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JERSEY CITY, N.J. — Gone are the days when snacking was seen as a one-dimensional indulgence, consumed in the wee hours of the night. Nowadays, snacking occurs across all dayparts, but there is one daypart in particular that consumers indulge in most: p.m. snacking.
The growth of p.m. snacking (generally, 2 p.m. to 5 p.m.) is part of the larger upward trend of consumer snacking, as consumers seek to replace full meals with grazing, noted Nicole Peranick, director of global consumer strategy for culinary at Daymon Worldwide, and Jordan Rost, vice president of consumer insights, Nielsen, who both served as presenters for a July 27 webcast hosted by Convenience Store News.
“Fundamentally, a new normal, or a new reality, has emerged in our eating culture as consumer palates and preferences have changed,” Peranick said. Trends changing this culture include: cultural mosaic, next generation, consumers judging value on experience as opposed to stuff, small portions, urbanization, shift to “clean” eating, pop culture, nostalgia, and more.
As a result of these shifts, consumers today are not holding themselves hostage to conventions, as evidenced by 70 percent of consumers claiming anything can be a snack, 53 percent eating later in the day, and 52 percent of millennials saying they prefer to replace a meal with a snack.
This new, carefree and flexible approach to eating has also changed consumers’ approach to dining out. They've traded in formal atmospheres, conventional meal times and mass-processed foods for casual dining that is approachable, shareable, experimental, localized and "healthified." Casual dining is setting the stage for snacking to fundamentally displace the traditional three-square-meals-a-day ritual, Peranick explained.
Today's “always on” culture is altering the landscape, too. “Our ‘always on’ culture is further supporting this fundamental shift to snacking — be that our on-the-move nature, our demand for instant gratification or our packed schedules, all while operating in a 25/7 digital world,” she said.
As for what's on the horizon, Peranick highlighted five key trends now shaping the future of snacking:
1. Healthification Meets Snackification. The move to healthier, cleaner and purposeful eating is driving innovation in the snacking space.
2. Importing the Global Pantry. Inspiration from global cuisines is inspiring flavors, formats and eating styles.
3. Rise of Next-Generation Categories. As a result of new consumer need states, next-generation snacking categories are emerging to address these.
4. Communal Snacking for the Everyday. The "casualization" of dining is migrating to retail snacking.
5. Reimaging Convenience. With convenience as a cost of entry, reimagined formats, shapes and enhanced utility have emerged in snacking.
How C-stores Can Capitalize on PM. Snacking
During the second half of the webcast, Rost explored how convenience stores act as a hub for meeting consumer need states. By looking at who, what, where, when and why consumers are snacking, c-store retailers can see how “the idea of snacking is really purpose-driven,” he explained.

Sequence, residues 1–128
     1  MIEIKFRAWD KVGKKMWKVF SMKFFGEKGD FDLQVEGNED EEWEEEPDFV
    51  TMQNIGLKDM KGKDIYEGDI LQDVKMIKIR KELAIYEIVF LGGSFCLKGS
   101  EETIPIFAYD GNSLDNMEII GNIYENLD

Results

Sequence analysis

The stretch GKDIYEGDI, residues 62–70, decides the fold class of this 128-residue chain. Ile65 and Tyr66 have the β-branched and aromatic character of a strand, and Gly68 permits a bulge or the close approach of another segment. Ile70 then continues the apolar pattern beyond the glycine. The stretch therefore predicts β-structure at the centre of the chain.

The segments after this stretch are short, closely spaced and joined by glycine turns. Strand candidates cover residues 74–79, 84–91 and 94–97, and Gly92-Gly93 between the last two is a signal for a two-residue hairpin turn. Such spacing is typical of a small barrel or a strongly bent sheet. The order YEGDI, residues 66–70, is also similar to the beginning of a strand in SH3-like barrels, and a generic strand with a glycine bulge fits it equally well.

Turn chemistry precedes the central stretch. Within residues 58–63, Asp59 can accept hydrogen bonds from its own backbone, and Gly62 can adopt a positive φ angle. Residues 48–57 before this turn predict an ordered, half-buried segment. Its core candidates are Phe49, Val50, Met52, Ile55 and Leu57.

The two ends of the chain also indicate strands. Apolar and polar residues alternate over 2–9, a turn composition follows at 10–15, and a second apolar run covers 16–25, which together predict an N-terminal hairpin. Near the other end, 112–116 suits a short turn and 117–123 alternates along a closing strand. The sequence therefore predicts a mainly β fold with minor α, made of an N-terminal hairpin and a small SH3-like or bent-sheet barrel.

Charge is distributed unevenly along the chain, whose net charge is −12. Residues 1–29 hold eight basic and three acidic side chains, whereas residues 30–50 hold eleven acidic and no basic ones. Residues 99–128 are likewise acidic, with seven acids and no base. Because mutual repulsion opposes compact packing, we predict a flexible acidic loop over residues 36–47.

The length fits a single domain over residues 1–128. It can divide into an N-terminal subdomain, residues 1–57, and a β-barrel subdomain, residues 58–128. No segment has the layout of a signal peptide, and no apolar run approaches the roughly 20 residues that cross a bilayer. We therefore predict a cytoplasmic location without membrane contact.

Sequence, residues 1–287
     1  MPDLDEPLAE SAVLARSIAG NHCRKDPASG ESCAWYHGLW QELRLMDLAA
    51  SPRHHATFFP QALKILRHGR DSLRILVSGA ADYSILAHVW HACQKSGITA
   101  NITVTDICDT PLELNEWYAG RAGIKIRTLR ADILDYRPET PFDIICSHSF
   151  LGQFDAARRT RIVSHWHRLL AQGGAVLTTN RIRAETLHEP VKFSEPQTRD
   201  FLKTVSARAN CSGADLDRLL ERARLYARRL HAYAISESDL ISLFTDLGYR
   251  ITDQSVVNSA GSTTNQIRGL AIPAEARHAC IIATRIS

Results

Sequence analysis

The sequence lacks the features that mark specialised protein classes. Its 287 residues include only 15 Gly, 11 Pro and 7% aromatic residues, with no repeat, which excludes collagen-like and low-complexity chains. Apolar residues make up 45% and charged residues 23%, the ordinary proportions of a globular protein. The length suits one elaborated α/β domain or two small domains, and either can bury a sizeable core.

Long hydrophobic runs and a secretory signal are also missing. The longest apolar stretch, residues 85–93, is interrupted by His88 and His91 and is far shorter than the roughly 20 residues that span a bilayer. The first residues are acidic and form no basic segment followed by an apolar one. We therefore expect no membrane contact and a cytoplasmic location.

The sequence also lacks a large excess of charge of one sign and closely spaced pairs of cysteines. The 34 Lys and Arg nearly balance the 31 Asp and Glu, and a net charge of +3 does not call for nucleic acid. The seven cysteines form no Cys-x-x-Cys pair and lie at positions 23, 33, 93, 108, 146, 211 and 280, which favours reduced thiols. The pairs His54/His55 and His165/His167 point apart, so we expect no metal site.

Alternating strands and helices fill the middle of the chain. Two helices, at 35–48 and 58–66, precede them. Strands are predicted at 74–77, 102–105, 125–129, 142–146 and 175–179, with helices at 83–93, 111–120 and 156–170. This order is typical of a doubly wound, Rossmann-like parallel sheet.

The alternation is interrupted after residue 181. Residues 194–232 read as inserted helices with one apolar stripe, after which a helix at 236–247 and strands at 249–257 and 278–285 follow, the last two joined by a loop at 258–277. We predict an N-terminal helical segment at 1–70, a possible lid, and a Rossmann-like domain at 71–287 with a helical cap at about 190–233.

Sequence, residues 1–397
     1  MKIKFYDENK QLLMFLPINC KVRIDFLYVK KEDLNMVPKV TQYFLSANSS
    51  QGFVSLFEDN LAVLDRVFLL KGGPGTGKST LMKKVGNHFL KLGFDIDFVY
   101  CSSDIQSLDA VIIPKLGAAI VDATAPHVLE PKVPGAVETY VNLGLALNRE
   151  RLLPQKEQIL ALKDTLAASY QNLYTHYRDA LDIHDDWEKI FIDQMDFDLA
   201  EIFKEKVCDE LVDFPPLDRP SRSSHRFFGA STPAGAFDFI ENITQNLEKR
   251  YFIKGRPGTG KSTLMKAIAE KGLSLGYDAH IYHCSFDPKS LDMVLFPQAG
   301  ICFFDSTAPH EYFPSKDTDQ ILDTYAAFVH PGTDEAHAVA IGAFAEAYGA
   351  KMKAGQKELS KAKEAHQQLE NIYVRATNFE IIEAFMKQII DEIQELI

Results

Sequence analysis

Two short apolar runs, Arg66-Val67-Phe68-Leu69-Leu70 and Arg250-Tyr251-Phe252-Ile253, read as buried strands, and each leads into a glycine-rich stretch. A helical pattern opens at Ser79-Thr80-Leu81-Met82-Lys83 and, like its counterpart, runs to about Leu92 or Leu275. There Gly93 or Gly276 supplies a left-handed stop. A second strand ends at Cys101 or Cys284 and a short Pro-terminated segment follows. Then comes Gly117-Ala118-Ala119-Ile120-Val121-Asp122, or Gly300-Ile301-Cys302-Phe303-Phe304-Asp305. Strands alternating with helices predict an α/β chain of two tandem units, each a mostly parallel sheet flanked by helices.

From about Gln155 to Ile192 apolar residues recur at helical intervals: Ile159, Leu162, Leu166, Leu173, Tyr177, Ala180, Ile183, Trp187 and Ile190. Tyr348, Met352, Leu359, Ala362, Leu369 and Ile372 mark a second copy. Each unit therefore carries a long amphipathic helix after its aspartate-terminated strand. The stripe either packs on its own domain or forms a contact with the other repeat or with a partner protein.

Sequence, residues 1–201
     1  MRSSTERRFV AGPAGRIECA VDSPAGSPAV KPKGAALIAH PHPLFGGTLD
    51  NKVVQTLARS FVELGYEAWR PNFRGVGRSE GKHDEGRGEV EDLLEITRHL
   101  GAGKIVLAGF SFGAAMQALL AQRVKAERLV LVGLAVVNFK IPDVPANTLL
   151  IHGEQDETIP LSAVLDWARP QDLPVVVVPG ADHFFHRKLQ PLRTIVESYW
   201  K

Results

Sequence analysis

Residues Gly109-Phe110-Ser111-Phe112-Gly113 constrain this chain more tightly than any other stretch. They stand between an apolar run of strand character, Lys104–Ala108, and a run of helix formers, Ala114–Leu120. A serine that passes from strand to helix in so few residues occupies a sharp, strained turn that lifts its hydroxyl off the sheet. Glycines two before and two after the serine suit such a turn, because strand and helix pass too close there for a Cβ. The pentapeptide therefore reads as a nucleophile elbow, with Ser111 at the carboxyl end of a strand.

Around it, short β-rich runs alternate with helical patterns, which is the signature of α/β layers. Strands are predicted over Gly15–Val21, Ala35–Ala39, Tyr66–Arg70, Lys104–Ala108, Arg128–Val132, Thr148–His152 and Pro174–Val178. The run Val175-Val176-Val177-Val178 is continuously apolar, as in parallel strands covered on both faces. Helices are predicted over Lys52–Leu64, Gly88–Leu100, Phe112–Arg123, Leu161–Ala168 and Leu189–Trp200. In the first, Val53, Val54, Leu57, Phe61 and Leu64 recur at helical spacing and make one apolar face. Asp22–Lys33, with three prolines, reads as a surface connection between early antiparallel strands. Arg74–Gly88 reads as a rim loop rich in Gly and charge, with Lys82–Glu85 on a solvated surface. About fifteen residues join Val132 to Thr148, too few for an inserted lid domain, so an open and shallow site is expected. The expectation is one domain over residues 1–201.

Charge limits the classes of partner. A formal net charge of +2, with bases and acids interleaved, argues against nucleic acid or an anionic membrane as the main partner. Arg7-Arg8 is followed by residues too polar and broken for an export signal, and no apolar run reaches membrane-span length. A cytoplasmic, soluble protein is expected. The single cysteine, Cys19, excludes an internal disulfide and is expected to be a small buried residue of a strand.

As p.m. snacking is explored, he noted it’s important to recognize how consumers’ priorities for snacking are competing, combining and ultimately driving the decisions they make when it comes to snacks. When consumers snack, they are driven by convenience (18 percent), health (25 percent) and taste/treat (27 percent).
Broken down by daypart, the top needs for snacking are skewed by occasion, Rost detailed. For example, when it comes to breakfast, consumers are looking for health and convenience; when it comes to lunch, consumers are looking for convenience; at dinner, they’re looking for an array of needs; and when they snack in general, they’re looking for convenience and taste/treat.
Narrowing in on daypart, snacking peaks during the early afternoon, with 38 percent of consumers snacking in the afternoon. The uptick begins at 2 p.m., spikes at 3 p.m. and remains steady until 5 p.m. “People are having their snack after lunch, or as their afternoon lull is starting to set in," he said.
Bringing c-stores into focus, the 2 p.m.-5 p.m. snacking period is becoming “the fourth biggest daypart,” according to Rost.
“There’s a shift toward c-stores becoming our pantries and our refrigerators, instead of going right to what we have around us," he explained. "As we’re on the go, we’re looking for that next best thing and the next available source for snacking. For a lot of consumers, that very much can be c-stores.”
In closing, Rost laid out two ways c-store retailers can optimize their sales by leveraging the p.m. snacking trend:
- C-store retailers should recognize snacking is purpose-driven. This will tell them exactly who their customers are.
- Once c-store retailers know who their customers are, they will be able to segment their snacks appropriately.
The webcast, “P.M. Snacking: The Hottest C-store Daypart,” was sponsored by Anheuser-Busch, AdvancePierre, McCain Foods, Mars Chocolate North America, The Schwann Food Co. and Red Bull.
A replay is available by clicking here.